Mauro Vegni, the director of the Giro d'Italia, has defended his decision to design what some consider a 'traditional' race route for the 2020 Corsa Rosa with ten stages over 200km in length and several long and high mountain finishes, insisting that "high mountains and a test of endurance reveal who are the true champions."
The Vuelta a España has introduced shorter stages and numerous steep uphill finish in recent years, with the Tour de France following a similar design in 2020 and cutting the total of time trial kilometres, perhaps to favour aggressive French riders Julian Alaphilippe and Thibaut Pinot.
The short but intense Vuelta a España stages have been dubbed as 'Tapas cycling'. The 2020 Tour de France could herald 'Champagne cycling' but Vegni has more traditional Italian tastes, with the Giro d'Italia more like a bottle of well-aged Brunello del Montalcino.
The 2020 Giro d'Italia was presented in late October in Milan with a 3580km route - 110km longer than the 2020 Tour de France route.
The Giro will start in Hungary and then transfer south to Sicily and climb the slopes of the Mount Etna volcano before heading north along the Adriatic coast and then west to the Alps via the 2,758m-high Passo dello Stelvio, the 2,744m-high Colle dell'Agnello and a final mountain finish at Sestriere.
"I respect what other race organisers think is right for their races and perhaps I'm going against the latest trends, but I think a Grand Tour has to include major climbs over 2,000 metres and has to include long stages spread across three weeks of racing," Vegni told Cyclingnews.
"High mountains and a test of endurance reveal who are the true champions. I think that's the recipe for a great Giro d'Italia."
Former head of RCS Sport Michele Acquarone helped shake up the Giro d'Italia a decade ago, mixing tradition with innovation before he was wrongly made the scapegoat for a major financial misappropriation. The race has started in Denmark, Ireland, the Netherlands and Israel in recent years but has always shown off the natural beauty of Italy and climbed into the high mountains of the Italian Alps and Dolomites.
There have been reports of possible Grande Partenza in New York, the UAE and even Japan. They have never been confirmed but Vegni is proud to be more innovative than his French and Spanish rivals.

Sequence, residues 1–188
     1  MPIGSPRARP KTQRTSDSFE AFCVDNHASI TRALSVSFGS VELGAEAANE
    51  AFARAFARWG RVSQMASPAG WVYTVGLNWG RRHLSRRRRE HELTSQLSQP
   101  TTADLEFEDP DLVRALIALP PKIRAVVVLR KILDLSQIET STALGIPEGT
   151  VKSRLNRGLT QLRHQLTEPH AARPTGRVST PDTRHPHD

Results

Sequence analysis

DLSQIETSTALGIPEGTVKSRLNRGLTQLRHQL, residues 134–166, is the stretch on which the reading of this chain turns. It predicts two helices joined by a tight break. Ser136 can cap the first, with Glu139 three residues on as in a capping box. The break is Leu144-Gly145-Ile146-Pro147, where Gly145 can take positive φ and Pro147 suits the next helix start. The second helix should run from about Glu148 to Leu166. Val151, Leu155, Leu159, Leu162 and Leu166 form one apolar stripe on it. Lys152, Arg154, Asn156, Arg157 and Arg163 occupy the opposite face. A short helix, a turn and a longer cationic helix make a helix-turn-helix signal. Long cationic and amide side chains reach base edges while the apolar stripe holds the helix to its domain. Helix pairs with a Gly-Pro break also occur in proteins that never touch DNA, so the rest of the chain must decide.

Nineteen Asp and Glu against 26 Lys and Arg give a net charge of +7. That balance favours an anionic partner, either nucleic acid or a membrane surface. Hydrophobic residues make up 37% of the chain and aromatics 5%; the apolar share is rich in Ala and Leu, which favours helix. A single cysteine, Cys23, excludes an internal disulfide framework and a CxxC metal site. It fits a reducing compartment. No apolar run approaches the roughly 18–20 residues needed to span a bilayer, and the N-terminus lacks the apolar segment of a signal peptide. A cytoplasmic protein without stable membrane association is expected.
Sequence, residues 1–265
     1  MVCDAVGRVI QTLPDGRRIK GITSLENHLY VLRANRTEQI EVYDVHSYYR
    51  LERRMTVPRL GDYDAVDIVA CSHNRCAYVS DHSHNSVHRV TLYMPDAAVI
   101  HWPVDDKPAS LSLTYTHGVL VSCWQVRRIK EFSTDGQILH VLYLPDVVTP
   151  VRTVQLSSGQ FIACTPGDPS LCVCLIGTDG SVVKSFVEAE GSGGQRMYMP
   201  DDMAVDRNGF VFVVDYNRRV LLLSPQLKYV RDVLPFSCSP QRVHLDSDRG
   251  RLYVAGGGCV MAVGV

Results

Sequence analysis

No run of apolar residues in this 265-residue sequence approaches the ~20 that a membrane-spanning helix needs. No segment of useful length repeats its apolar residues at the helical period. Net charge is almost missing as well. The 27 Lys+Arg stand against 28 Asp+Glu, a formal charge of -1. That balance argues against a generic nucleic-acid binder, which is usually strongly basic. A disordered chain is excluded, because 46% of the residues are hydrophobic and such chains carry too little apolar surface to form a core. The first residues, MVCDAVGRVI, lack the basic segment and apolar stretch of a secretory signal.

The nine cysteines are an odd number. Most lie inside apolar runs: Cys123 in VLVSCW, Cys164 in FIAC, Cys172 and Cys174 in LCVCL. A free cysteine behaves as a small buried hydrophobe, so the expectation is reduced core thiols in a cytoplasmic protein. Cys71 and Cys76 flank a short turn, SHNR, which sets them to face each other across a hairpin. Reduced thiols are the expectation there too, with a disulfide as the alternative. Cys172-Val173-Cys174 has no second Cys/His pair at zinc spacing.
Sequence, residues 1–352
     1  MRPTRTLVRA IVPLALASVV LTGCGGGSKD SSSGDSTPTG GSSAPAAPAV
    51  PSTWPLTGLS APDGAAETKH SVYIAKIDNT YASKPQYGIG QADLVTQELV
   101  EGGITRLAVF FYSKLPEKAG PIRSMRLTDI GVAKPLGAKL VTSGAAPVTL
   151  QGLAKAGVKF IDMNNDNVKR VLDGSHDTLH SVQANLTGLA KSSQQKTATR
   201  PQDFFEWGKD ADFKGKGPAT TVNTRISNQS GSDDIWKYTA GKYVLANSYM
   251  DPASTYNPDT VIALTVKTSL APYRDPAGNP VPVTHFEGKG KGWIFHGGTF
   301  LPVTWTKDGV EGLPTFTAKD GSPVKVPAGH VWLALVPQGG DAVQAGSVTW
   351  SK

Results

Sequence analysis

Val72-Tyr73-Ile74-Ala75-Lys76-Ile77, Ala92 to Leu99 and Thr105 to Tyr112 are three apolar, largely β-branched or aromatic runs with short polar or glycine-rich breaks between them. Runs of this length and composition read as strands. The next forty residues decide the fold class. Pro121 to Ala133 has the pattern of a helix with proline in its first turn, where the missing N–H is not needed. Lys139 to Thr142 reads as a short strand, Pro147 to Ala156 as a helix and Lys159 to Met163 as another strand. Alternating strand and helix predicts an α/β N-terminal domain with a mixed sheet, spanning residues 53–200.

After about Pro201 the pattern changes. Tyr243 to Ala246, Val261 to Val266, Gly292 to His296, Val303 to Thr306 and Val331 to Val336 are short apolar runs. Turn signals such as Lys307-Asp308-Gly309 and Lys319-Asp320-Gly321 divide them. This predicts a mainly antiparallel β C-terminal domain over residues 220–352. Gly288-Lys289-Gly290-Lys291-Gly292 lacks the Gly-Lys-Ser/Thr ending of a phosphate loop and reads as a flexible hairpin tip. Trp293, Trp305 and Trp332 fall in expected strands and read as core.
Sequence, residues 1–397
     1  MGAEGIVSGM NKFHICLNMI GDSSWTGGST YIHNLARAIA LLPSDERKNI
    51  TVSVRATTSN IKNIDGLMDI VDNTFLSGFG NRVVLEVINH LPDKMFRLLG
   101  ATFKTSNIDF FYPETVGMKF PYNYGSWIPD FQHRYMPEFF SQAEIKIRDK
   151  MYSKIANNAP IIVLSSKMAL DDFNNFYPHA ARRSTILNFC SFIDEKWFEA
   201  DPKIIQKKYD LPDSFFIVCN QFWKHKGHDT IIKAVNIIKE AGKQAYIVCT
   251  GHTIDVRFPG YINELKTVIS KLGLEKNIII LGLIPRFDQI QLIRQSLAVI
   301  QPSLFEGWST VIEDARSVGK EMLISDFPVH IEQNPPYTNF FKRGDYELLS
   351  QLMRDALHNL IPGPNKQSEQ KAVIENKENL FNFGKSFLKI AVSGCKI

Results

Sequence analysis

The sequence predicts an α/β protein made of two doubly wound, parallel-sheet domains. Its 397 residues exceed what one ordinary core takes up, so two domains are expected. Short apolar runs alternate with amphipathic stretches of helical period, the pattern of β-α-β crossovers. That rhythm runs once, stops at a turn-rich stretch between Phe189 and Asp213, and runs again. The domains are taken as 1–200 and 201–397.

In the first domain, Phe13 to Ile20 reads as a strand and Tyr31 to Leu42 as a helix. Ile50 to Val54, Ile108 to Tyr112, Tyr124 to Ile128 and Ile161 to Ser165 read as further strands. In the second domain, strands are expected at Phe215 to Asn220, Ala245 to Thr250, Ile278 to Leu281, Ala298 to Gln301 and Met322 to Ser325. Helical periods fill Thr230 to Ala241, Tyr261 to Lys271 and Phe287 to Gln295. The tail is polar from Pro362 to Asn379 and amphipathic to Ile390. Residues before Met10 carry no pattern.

"The Giro d'Italia will start from an Eastern European country for the first time in 2020. Without wanting to get into geopolitics, it's a source of pride for us because some of our colleagues never thought of going there," Vegni told Cyclingnews with a smile.
"For 2020 it was important to consider the other major events on the calendar such as the Olympics and the mountainous World Championships in Switzerland. It's a balanced route, which allows riders to recover after harder blocks of racing. Of course, there's still a grande finale."
Rolling out a pink carpet for Peter Sagan
Vegni and RCS Sport have used some of the millions earned from the Grande Partenza outside of Italy to entice major names to ride the Giro d'Italia. Tom Dumoulin has opted for the Giro d'Italia several times, so did Alberto Contador, while Chris Froome rode and won the Corsa Rosa in 2018.
With the Grande Partenza in Budapest close to the border with Slovakia, Vegni has rolled out a symbolic pink carpet and convinced Peter Sagan to ride the 2020 Giro d'Italia for the first time in his career.
"It's important have a rider like Peter at the Giro and he could take the first pink in the time trial in Budapest because the uphill finish suits him," Vegni suggested.
"Despite all that Peter has achieved in his career I think the Giro was missing from his palmares. There are several road stages that also suit him peter and he knows some of them because he's won stages at Tirreno-Adriatico on the same roads. He has special ties with Italy because he here as a young rider and became the rider he is thanks to Liquigas, an Italian team.
"The start in Hungary is close to his hometown in Slovakia, so let's hope it augurs well for him and the race."
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